All Is Grist 2

Piensas al azar.
  • Turns out I was wrong, here, when I corrected the grammar in that line in Snow Falling on Cedars. Every other criticism of that flabbergasting douchebaggery stands—like that aware means "pathos" not "beauty"—but apparently the grammar itself was not incorrect, just a bizarre idiom that I was not acquainted with till I came across mention of the Japanese book-listing SF ga yomitai! on Mike Flynn's blog.

    Normally the "ga" particle means nominative, but in some instances, apparently, it's used to mean a passive (without using the passive verb conjugation). I suppose it's kind of like how "se habla español" literally means "Spanish speaks itself" rather than, what it means idiomatically, "Spanish is spoken" or "one speaks Spanish".
  • I know I've mentioned that the zled for "damn" is "drown it in hell", and their image (not doctrine) of hell is an infinite water-filled void you sink through forever. This was for two reasons. One, of course, was just that I wanted an alternative to the usual fiery or frozen hells of human cultures. The other was an interesting fact I came across.

    Do you remember in the Disney Peter Pan when Captain Hook is threatening Tiger Lily with drowning, and says "There is no path through water to the Happy Hunting Ground"? That was a real Ojibwa belief (so is Peter losing the shadow, at the beginning—J. M. Barrie seems to have got hisself a book from somewheres).

    What's really weird is, it was also a Náhuatl belief—Tlaloc had to construct an afterlife for those who died by water, they were barred entry to Mictlan. I think something similar shows up in a bunch of other New World cultures, as well; it's kinda a thing, here, that drowning is "a fate worse than (dry) death".
  • When people, rightly objecting to political correctness, say that calling people from East Asia "Asians" rather than "Orientals" is silly, because "Asian" covers everywhere from the Middle East to Kamchatka, they actually embarrass themselves, and play into the hands of the PCniks.

    Because quick, what is the point furthest east that the "Orient Express" traveled to? Oh. Right. Istanbul. What state does the phrase "oriental despotism" originally refer to? Oh. Right. Ottoman Turkey. Remember, when the German Empire complained in World War I that the Allies, by allying with Russia, were binding themselves to a "semi-oriental" power, what was Chesterton's comeback? Oh. Right. That by allying with Ottoman Turkey, Germany was binding itself to a power entirely oriental.

    The fact, kiddies, is that "oriental" and "Asian" are entirely co-terminous terms. "Oriental" just sounds old-fashioned, which is the only reason I say "Asian" instead (well, and a slight preference for avoiding unnecessary fights with idiots).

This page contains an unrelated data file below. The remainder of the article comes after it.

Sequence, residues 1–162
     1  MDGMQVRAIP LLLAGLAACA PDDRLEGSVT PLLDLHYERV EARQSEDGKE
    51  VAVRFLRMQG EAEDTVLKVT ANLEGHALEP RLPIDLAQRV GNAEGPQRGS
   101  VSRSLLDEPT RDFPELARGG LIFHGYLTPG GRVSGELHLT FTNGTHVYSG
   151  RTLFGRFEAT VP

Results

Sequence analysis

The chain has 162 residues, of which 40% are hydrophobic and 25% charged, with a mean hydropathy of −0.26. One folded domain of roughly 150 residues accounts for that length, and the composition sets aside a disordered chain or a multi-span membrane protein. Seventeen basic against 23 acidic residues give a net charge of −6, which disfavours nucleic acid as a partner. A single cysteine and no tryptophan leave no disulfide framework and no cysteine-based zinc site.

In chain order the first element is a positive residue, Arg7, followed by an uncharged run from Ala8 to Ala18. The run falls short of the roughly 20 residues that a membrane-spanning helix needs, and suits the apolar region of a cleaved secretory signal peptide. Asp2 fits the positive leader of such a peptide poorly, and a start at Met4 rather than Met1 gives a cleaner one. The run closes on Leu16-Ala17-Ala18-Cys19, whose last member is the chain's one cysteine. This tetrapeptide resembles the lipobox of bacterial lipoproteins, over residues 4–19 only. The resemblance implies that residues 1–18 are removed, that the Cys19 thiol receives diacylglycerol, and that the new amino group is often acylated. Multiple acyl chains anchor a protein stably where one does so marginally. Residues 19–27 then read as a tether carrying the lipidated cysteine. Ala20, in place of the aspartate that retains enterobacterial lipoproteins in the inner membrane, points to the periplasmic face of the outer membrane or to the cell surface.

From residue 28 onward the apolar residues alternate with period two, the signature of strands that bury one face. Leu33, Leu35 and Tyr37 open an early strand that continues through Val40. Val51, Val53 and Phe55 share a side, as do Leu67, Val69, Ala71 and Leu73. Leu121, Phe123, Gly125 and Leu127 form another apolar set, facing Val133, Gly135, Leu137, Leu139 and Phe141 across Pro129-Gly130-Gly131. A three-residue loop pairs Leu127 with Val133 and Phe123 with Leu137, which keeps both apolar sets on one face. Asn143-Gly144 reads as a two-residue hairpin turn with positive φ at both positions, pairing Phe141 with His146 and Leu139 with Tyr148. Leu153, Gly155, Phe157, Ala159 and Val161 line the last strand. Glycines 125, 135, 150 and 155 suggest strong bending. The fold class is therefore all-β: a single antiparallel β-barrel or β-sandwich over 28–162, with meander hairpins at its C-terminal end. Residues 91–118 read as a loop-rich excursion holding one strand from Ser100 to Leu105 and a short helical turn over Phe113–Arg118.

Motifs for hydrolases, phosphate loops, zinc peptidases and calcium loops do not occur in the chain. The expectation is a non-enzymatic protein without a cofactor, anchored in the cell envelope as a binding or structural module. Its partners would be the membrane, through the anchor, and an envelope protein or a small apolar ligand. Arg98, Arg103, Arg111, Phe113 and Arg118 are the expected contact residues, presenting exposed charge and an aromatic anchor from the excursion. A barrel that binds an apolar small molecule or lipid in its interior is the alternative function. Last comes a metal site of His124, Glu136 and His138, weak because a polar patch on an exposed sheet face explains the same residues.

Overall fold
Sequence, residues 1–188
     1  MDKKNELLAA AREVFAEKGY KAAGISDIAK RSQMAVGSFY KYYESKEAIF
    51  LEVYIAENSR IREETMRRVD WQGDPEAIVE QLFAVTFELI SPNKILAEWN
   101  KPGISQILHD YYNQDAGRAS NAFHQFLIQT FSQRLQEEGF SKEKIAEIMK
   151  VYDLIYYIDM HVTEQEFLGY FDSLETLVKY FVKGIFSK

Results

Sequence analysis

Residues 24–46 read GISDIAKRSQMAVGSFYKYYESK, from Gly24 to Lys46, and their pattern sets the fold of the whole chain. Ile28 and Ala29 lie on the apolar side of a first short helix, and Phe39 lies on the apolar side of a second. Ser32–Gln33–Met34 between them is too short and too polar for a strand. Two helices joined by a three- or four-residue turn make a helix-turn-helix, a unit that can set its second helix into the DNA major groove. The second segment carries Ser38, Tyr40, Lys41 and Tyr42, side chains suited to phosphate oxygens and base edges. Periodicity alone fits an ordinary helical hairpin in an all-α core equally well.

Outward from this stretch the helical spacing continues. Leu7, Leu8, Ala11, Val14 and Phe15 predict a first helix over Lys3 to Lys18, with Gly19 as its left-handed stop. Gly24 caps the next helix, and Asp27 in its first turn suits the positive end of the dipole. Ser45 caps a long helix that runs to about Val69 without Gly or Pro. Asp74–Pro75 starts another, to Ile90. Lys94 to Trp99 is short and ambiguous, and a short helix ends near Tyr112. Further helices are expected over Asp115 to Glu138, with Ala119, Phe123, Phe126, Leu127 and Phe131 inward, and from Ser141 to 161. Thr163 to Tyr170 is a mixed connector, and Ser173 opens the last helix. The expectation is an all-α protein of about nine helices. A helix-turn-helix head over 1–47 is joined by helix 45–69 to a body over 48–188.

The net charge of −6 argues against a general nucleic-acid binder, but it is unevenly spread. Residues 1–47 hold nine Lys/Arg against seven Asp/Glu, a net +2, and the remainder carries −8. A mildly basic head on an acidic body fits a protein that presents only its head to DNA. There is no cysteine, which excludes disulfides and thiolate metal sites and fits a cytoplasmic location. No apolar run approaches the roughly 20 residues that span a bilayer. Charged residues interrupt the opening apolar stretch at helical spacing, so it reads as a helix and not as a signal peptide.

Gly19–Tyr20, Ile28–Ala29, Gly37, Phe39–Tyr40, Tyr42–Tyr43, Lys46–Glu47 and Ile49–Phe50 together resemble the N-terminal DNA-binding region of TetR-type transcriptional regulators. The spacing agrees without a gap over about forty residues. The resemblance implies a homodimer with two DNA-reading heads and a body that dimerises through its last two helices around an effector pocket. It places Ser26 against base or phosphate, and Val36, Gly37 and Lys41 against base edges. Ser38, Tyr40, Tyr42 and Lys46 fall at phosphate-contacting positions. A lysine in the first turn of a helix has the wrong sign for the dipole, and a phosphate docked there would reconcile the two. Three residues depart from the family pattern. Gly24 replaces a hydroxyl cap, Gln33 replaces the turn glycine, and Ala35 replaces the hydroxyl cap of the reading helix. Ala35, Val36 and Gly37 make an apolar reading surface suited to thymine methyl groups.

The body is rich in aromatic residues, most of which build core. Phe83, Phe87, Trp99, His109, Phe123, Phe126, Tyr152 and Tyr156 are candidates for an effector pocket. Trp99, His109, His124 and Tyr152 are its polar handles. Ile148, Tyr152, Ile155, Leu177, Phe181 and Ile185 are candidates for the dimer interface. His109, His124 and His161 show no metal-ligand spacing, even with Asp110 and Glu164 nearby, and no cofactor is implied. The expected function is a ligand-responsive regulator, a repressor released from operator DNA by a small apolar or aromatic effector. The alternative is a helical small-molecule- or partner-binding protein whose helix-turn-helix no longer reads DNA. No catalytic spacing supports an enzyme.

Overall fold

• There's an anime this season, Charlotte, that's...well, for about eight episodes, it's pretty good. Then it decides to turn into a wan "Days of Future Past" knockoff, only with even stupider decision-making. At least they're on the run from organizations that want to use their powers, rather than the "bigotry" of people worried about guys who can topple buildings with their minds.

    Nevertheless, very disappointing; it develops all these characters and then ignores two-thirds of them almost completely for the last third of the series. What is it about the concept of people with superpowers that makes it so hard to get stories that involve that topic right? You could at least knock off something other than an X-Men arc that'd recently been made into a major movie.
  • It'seemed hard to be sure, because I can't get that good of a look, but I think that the Minority Report series may be continuing the movie's tradition of cutting-edge production design. Specifically, I think the soldiers here and there in the crowd scenes have a version of digi-camo that's based on a hexagons, not squares.

    Yeah, I know, "hexagons are high-tech" is arguably overplayed, but it's that way for a reason. Namely, it looks freaking awesome. Besides, it could well be that the hexagons are dictated not just by Rule of Cool, but could be diagetic—there could be a structure built into the uniform, perhaps making it a cloth armor, that has hexagonal cells.

    Should we be worried that this show's on Fox? I know I said "with robots" but it really could be that they hate good science fiction, period (which, again, has nothing to do with Firefly).
  • According to "Recoil Considerations for Railguns" by Eric L. Kathe, recoil force is an order of magnitude lower than the "ballistic loads", which I think means your recoil energy is one-tenth your muzzle energy (as a rule of thumb). Which presumably means that the 1% c, 4-gram projectile (muzzle energy of 4.3 tonnes TNT) only has the recoil force of 430 kilos of TNT, which a soft recoil system reduces to 215 kilos. Still not something you really want hitting the front of your ship every time it fires its gun, though, especially not at 4,000 rounds per minute, so, still gonna go with topological inertial protections.